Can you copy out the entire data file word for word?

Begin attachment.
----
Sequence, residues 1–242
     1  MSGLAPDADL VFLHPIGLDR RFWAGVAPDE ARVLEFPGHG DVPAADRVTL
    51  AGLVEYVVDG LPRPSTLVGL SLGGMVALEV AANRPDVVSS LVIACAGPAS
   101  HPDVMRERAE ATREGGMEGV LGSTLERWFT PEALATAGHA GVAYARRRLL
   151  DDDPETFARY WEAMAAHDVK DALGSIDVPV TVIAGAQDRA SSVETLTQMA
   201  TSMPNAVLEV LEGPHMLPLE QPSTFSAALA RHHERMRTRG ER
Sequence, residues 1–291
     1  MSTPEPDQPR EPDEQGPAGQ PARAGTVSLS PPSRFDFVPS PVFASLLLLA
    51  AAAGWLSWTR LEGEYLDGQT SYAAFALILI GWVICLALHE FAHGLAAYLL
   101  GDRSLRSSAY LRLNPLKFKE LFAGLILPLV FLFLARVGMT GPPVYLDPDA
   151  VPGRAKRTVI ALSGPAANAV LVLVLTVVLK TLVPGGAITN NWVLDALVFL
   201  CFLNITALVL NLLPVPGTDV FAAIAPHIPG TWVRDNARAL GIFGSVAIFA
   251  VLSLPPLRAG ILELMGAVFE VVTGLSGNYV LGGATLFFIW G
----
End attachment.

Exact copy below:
Sequence, residues 1–242
     1  MSGLAPDADL VFLHPIGLDR RFWAGVAPDE ARVLEFPGHG DVPAADRVTL
    51  AGLVEYVVDG LPRPSTLVGL SLGGMVALEV AANRPDVVSS LVIACAGPAS
   101  HPDVMRERAE ATREGGMEGV LGSTLERWFT PEALATAGHA GVAYARRRLL
   151  DDDPETFARY WEAMAAHDVK DALGSIDVPV TVIAGAQDRA SSVETLTQMA
   201  TSMPNAVLEV LEGPHMLPLE QPSTFSAALA RHHERMRTRG ER
Sequence, residues 1–291
     1  MSTPEPDQPR EPDEQGPAGQ PARAGTVSLS PPSRFDFVPS PVFASLLLLA
    51  AAAGWLSWTR LEGEYLDGQT SYAAFALILI GWVICLALHE FAHGLAAYLL
   101  GDRSLRSSAY LRLNPLKFKE LFAGLILPLV FLFLARVGMT GPPVYLDPDA
   151  VPGRAKRTVI ALSGPAANAV LVLVLTVVLK TLVPGGAITN NWVLDALVFL
   201  CFLNITALVL NLLPVPGTDV FAAIAPHIPG TWVRDNARAL GIFGSVAIFA
   251  VLSLPPLRAG ILELMGAVFE VVTGLSGNYV LGGATLFFIW G